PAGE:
The ball seemed to hang there in mid air as if waiting for me to settle under it. It was a bright white orb contrasting with the dark blue Summer twilight. It finally fell landing gently in my glove as if it belonged there. I had that momentary thrill of having caught a fly ball. But I immediately flung the ball as if there was a runner on second thinking of tagging up. On two bounces the ball settled near my father. He looked in my direction acknowledging the catch and throw with a quick nod and smiling eyes.
It was one of those moments in life that has become eternal. I was 11 years old. My father had come home from work and offered to hit fly balls to me. He was a carpenter and had long work days and must have come home quite tired. He could have begged off further physical activity for the rest of the day. Dad could have taken a beer out of the refrigerator and relaxed in front of the TV. I would have thought not a whit less of him. But he wasn’t like that. My father reveled in being a parent. He loved my brother and I boundlessly and was always ready to — anxious to — entertain us, indulge us, make us happy.
Dad was remarkably adept at hitting fly balls — or if called for ground balls. Especially when one considers that he was born and raised in rural Finland and didn’t touch a bat and a ball or so much as see a baseball game until well into his 30s. He was a natural athlete.
My dad was a heroic figure to me. After all he’d fought in a war. Serving in the Finnish army during their brave battle against the powerful Soviet army in the Winter War. More than that he’d seen the world as a merchant marine and during World War II had been on two ships that were strafed by Nazi planes and a third that was torpedoed by a Japanese submarine. That story was the stuff of legends in our family. Dad was at the helm of the ship and was the first to spot the periscope. He brought it to the attention of the first mate who promptly scoffed at the notion that the object in the Arabian Sea was a periscope. He was not scoffing seconds later when a torpedo struck the middle of the ship.
This was the pinnacle of my dad’s storytelling but just one of many. In my mind I had a genuine hero as a father. Today when I consider how he raised me I see that his true heroism was evidenced by his parenting. That I grew up to be far far far far from perfect is no reflection on him and manifest of a plethora of other issues.
When I found my true athletic talent was as a soccer player, dad supported me however he could. I always got when I needed. Dad never minded paying a little more than average to outfit his boys. We didn’t expect nor did we receive high end items. That is until I started excelling in soccer. I got the best soccer shoes available and never mind that they were the most expensive. But what was more meaningful than this was that Dad came to all my games. And what was more meaningful than that was that Dad would even come to most of my practices. He couldn’t bear to miss a chance to see his youngest boy in action. It meant all the world to me to have him there. I never told him so. And he never told me how proud he was of me. He wasn’t demonstrative about it either. But I knew. I knew beyond any doubt that my father was proud of my athletic accomplishments. There was that nod of the head he gave me as I came off the pitch, sometimes accompanied by a hint of a smile.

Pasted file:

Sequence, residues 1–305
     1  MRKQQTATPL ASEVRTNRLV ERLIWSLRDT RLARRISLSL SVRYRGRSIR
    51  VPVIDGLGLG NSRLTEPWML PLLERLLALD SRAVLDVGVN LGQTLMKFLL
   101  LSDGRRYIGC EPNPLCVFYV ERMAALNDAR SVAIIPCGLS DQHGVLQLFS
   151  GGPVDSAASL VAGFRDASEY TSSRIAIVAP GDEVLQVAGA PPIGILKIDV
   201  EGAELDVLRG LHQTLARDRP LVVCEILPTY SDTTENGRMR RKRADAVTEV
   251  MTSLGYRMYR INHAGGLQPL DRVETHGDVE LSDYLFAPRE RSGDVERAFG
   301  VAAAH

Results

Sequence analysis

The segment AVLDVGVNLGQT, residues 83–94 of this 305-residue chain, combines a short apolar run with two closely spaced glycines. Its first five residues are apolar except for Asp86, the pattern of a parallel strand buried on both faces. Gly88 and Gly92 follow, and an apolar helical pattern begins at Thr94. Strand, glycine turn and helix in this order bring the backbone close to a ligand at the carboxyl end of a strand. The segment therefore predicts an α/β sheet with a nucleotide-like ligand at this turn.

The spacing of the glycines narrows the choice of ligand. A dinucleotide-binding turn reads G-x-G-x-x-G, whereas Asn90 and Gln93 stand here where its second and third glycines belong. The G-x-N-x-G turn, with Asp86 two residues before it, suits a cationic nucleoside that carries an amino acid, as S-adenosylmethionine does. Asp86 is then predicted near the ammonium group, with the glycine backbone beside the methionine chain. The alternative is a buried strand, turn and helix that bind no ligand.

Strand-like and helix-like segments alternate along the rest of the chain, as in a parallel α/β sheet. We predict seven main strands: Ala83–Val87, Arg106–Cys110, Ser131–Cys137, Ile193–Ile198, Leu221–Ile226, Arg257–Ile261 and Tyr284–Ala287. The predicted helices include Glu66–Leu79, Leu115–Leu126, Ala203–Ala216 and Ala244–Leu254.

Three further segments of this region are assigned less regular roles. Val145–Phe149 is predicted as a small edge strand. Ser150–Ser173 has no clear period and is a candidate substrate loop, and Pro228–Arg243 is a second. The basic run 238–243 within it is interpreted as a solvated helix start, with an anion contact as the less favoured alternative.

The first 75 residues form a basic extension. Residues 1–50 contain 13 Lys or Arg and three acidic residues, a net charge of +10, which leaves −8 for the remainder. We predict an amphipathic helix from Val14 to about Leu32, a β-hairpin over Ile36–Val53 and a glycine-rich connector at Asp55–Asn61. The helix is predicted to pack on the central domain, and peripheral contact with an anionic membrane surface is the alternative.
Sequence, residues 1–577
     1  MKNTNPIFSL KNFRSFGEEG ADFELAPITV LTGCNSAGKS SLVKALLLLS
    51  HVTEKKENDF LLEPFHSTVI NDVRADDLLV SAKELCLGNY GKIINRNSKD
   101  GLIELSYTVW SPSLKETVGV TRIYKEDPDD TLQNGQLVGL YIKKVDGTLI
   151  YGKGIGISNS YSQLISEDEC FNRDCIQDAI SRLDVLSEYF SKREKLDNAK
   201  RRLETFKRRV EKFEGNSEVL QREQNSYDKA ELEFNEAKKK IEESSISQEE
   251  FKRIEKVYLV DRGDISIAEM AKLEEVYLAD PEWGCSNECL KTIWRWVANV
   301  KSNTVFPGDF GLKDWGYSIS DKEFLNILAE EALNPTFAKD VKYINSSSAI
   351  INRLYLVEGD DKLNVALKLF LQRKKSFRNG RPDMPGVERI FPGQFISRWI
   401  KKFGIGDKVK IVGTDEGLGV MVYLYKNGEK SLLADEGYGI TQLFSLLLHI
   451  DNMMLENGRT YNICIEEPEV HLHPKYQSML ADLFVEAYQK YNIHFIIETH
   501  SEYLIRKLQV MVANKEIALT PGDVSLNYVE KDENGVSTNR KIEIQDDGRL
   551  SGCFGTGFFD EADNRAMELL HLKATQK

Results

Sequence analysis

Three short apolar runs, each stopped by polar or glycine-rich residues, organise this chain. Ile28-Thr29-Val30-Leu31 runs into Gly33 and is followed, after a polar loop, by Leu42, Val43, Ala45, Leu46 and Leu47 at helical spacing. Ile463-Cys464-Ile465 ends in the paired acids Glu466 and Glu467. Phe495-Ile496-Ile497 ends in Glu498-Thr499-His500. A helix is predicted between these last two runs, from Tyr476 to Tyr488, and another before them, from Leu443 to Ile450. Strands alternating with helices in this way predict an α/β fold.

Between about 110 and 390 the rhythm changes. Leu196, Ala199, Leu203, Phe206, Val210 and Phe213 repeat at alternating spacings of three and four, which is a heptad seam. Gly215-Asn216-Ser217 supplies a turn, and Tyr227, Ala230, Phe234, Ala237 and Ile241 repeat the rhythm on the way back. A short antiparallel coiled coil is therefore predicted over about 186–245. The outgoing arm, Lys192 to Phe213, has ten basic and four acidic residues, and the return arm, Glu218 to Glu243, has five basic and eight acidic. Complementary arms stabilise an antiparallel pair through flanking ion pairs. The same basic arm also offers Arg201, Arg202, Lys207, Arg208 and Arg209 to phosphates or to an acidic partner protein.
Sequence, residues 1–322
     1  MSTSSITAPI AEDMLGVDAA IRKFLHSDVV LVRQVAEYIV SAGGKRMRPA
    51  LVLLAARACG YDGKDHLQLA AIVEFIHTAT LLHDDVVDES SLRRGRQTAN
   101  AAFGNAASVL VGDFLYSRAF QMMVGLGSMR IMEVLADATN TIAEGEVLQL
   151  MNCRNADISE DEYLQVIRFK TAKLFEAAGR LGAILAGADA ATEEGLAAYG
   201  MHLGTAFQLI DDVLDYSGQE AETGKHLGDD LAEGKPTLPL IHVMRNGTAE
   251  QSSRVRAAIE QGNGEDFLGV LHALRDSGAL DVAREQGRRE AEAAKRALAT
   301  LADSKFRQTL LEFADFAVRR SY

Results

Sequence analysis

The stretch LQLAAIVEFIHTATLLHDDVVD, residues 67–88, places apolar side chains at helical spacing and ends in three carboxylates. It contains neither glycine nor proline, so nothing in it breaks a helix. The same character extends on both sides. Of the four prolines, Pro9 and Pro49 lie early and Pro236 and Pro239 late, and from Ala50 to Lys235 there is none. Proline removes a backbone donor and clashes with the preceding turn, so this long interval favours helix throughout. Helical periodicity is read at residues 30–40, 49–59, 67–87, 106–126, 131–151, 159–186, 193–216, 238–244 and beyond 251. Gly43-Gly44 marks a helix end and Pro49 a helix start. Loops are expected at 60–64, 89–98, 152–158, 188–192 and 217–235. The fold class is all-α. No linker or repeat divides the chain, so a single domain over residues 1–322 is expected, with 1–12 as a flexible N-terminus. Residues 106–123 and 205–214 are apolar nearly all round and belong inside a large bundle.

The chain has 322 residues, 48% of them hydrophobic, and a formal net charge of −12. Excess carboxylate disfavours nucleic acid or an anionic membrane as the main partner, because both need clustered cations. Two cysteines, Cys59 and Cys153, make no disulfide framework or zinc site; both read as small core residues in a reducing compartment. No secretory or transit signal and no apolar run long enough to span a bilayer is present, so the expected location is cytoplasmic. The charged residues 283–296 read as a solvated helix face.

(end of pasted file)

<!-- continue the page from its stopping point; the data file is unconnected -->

When we won the state championship and I was the hero of the game he positively beamed and I gave him a half a hug. That was enough, we knew how we felt and demonstrations or effusions were not needed. A year later we were upset in the Northern California championship, essentially the state semi final. I was shattered. Dad stayed close by me but he knew not to offer a word or a pat on the back. He knew just to be there. I swear I don’t know how but he always knew what to do whether I had reached the heights or plunged to the depths. His presence was powerful and made everything okay.
Like a lot of successful people my father loved life. He plunged head long into it and never spent a lazy day. He worked hard and took pride in his work but he also knew when to turn off that switch and go into fun mode. He approached his recreation hours with the same sort of gusto he brought to his work. He also pursued fatherhood passionately and relentlessly. And I very much doubt that he was philosophical about any of this. He just did it. Dad was not one for musings, he was far too busy living life to think about it.
I always wanted to make my dad proud of me. I ended up on some disparate paths in which I grossly overindulged and wasted my talents for many years. Dad could see that I wasn’t making the most of my abilities. But he loved me just the same and always took an interest in whatever my latest scheme was. Maybe he could have tried to right my ship but he probably knew I’d have had none of it. He knew I had to make my own choices and live with them and that he’d always be there for me. A presence. I eventually turned my life around and his relief and pride were evident, if unspoken.
My father was not perfect. I probably know that better than anyone alive. I’ve looked square at his foibles, weaknesses and shortcomings. I had deified him for so long that it is only natural that the pendulum finally swung the other way a bit.
I think of my father every day. I’ve grown to become a very different person from what he was but share many of the same values and I still feel that steadiness that reliability that steadfastness of his that supported me while he was alive. My father’s death did not diminish that at all. His influence is still pervasive. Also I still have so many moments that remain indelible. Like waiting for that fly ball that he hit. The one that he hit after a full day of work. The one that he hit so we could have some more fun together. The one I caught and threw back and that he responded to with that little nod and the twinkling eyes.